Excerpt from an article published in the Australian Financial Review on May 29th and authored by Julie Hare, education editor. Photo: Louise Kennerley (Australian Financial Review)
A pioneering approach to helping children from disadvantaged and challenging backgrounds achieve academically is being adopted by autism-specific schools in Australia.
Canadian academic Lyn Sharratt was in Australia last week to work with teachers and principals of Aspect Schools, a network of nine independent schools and 113 satellite classes based in mainstream settings that are for children on the autism spectrum.
Dr Sharratt worked with fellow University of Toronto academic Michael Fullan to develop an approach to educating children from challenging backgrounds.
“We found those children who were taught using our 14 parameters increased [their] growth and achievement. They jumped the curve and moved beyond what anyone thought possible due to their challenging circumstances,” Dr Sharratt said.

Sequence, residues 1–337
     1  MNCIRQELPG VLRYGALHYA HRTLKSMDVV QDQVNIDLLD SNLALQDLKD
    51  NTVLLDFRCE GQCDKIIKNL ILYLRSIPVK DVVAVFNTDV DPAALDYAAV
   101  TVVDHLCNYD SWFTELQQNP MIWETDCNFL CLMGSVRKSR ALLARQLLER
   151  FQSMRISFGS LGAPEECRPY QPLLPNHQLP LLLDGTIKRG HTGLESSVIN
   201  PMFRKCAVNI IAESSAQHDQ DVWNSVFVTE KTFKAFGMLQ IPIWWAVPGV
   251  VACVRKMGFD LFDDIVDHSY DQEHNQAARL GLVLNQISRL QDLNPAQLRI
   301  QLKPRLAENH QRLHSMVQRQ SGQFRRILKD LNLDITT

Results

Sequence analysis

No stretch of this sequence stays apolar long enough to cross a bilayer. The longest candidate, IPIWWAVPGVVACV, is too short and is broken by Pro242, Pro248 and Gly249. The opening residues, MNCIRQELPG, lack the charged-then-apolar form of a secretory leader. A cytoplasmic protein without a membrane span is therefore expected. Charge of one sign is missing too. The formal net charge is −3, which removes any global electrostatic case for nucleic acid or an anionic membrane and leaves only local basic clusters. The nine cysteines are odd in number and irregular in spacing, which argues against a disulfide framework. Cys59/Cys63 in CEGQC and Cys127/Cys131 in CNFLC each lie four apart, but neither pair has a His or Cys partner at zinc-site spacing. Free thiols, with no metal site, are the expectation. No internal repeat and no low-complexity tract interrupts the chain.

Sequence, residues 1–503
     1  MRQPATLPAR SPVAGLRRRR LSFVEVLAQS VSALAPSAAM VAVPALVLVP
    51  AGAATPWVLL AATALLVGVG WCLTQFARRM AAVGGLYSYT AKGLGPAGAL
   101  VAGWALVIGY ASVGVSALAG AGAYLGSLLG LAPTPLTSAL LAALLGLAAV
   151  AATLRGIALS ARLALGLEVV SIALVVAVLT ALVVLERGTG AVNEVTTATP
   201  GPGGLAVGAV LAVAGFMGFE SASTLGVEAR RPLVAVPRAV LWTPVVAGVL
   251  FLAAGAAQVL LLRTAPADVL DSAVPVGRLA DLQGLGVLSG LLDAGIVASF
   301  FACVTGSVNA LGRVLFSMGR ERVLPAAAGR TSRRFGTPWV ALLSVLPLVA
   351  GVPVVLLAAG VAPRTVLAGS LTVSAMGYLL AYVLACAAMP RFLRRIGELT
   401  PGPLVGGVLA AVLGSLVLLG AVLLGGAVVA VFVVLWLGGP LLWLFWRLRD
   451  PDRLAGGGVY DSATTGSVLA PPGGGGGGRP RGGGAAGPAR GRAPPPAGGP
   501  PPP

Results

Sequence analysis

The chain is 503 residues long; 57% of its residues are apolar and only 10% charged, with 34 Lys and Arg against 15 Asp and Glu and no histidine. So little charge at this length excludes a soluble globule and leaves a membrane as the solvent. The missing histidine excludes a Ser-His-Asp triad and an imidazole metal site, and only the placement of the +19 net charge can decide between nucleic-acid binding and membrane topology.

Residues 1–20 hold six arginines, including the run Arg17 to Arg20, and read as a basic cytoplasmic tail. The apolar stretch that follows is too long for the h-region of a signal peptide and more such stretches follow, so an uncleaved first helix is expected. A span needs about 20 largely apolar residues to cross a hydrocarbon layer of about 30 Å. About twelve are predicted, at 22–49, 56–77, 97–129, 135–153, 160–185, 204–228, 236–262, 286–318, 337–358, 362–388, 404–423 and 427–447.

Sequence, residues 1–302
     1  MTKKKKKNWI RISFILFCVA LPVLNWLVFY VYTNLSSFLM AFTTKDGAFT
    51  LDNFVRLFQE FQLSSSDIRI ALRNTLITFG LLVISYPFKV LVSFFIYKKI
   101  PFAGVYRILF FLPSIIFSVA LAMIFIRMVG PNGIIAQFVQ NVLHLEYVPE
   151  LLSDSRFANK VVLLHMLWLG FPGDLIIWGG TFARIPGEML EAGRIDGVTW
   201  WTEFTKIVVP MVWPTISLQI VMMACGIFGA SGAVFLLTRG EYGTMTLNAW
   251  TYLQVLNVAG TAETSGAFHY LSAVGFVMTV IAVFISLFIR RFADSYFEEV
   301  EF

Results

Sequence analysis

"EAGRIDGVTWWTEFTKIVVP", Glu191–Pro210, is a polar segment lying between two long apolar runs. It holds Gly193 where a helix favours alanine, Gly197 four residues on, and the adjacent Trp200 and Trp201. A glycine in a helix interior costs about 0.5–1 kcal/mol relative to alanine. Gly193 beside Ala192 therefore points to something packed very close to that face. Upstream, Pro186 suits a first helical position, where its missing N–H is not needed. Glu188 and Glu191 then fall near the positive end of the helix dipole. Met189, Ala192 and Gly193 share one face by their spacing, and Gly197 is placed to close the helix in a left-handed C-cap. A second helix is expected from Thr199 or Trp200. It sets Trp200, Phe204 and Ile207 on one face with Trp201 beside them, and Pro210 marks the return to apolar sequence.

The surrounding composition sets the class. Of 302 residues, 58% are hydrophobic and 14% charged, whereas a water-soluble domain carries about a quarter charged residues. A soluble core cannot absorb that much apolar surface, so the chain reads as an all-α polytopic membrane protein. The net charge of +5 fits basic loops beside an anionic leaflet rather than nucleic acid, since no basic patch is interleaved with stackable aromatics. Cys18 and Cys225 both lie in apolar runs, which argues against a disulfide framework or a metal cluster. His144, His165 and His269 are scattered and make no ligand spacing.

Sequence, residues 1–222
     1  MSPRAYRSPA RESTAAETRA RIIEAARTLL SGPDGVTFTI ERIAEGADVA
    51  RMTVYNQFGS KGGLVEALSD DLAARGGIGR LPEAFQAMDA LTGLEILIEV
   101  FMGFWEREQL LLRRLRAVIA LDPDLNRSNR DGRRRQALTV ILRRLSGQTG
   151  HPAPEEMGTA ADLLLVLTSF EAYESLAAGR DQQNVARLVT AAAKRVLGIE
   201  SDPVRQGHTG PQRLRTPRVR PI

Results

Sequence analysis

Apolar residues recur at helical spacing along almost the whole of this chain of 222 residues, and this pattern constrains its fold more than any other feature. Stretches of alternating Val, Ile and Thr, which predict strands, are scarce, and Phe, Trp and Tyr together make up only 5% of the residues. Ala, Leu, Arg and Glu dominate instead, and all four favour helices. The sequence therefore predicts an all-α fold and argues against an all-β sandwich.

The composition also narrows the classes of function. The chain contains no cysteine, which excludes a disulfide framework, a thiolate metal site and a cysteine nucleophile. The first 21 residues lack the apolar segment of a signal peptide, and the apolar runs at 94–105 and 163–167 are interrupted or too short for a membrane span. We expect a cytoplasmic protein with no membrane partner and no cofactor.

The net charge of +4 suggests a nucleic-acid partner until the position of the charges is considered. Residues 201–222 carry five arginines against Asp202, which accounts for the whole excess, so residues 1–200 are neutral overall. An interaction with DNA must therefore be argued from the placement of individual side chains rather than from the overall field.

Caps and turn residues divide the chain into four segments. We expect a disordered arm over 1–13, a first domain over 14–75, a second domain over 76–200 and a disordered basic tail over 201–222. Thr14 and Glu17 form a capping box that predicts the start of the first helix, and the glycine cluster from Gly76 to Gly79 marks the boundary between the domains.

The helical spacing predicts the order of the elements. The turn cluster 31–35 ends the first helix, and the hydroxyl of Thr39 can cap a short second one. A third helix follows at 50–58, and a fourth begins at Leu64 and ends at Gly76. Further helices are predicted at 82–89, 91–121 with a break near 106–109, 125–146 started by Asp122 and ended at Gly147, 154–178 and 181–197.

Maryanne Gosling, national director of education at Autism Spectrum Australia (Aspect), which runs the Aspect Schools, said early identification of autism was essential in improving learning and social outcomes.
“Dr Sharratt’s overarching belief that all students can achieve high standards given the right time and support is completely aligned with Aspect’s philosophy of creating inclusive, equitable and supportive learning environments,” Ms Gosling said.
While the framework has been adopted in schools in Canada, the US, Australia, Chile and Wales, this is the first time the approach will be used for autistic children.
Dr Sharratt said out of the 14 principles, the first and last were the most important when dealing with autistic students.
“The first parameter is that all educators should have a shared belief and understanding that all students can learn. Teachers need high expectations of what students can achieve,” she said.
“The last parameter is that we all own the students in our care, and those in the school down the road as well. So, we should share teaching practices that make an impact within our schools with others.”